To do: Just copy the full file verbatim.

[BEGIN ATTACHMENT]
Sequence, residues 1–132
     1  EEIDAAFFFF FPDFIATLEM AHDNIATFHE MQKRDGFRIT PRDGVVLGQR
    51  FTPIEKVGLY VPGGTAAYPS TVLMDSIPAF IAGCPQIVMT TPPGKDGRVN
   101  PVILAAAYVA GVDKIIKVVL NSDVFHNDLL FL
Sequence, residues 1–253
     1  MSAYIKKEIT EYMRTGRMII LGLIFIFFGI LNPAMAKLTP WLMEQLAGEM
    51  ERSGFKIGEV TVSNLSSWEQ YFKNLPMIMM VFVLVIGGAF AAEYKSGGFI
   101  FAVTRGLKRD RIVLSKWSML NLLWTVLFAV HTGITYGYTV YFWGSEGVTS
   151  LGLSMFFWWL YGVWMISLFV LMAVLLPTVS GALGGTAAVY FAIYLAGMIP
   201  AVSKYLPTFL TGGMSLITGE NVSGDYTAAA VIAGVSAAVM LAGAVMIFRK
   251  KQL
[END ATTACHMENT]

Sequence, residues 1–132
     1  EEIDAAFFFF FPDFIATLEM AHDNIATFHE MQKRDGFRIT PRDGVVLGQR
    51  FTPIEKVGLY VPGGTAAYPS TVLMDSIPAF IAGCPQIVMT TPPGKDGRVN
   101  PVILAAAYVA GVDKIIKVVL NSDVFHNDLL FL
Sequence, residues 1–253
     1  MSAYIKKEIT EYMRTGRMII LGLIFIFFGI LNPAMAKLTP WLMEQLAGEM
    51  ERSGFKIGEV TVSNLSSWEQ YFKNLPMIMM VFVLVIGGAF AAEYKSGGFI
   101  FAVTRGLKRD RIVLSKWSML NLLWTVLFAV HTGITYGYTV YFWGSEGVTS
   151  LGLSMFFWWL YGVWMISLFV LMAVLLPTVS GALGGTAAVY FAIYLAGMIP
   201  AVSKYLPTFL TGGMSLITGE NVSGDYTAAA VIAGVSAAVM LAGAVMIFRK
   251  KQL